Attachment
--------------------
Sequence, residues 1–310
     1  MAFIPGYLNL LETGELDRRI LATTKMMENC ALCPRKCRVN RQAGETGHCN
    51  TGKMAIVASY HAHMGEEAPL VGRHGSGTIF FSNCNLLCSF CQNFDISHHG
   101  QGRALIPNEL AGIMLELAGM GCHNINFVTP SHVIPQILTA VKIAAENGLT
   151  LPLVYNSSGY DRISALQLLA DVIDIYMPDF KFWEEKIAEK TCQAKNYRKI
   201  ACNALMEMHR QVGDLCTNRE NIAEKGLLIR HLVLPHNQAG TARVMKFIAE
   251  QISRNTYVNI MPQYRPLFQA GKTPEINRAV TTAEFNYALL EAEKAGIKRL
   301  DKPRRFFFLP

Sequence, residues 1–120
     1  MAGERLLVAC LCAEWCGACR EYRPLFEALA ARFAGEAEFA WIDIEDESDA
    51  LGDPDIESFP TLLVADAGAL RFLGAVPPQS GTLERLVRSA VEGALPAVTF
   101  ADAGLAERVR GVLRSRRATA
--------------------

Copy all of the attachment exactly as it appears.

Sequence, residues 1–310
     1  MAFIPGYLNL LETGELDRRI LATTKMMENC ALCPRKCRVN RQAGETGHCN
    51  TGKMAIVASY HAHMGEEAPL VGRHGSGTIF FSNCNLLCSF CQNFDISHHG
   101  QGRALIPNEL AGIMLELAGM GCHNINFVTP SHVIPQILTA VKIAAENGLT
   151  LPLVYNSSGY DRISALQLLA DVIDIYMPDF KFWEEKIAEK TCQAKNYRKI
   201  ACNALMEMHR QVGDLCTNRE NIAEKGLLIR HLVLPHNQAG TARVMKFIAE
   251  QISRNTYVNI MPQYRPLFQA GKTPEINRAV TTAEFNYALL EAEKAGIKRL
   301  DKPRRFFFLP

Sequence, residues 1–120
     1  MAGERLLVAC LCAEWCGACR EYRPLFEALA ARFAGEAEFA WIDIEDESDA
    51  LGDPDIESFP TLLVADAGAL RFLGAVPPQS GTLERLVRSA VEGALPAVTF
   101  ADAGLAERVR GVLRSRRATA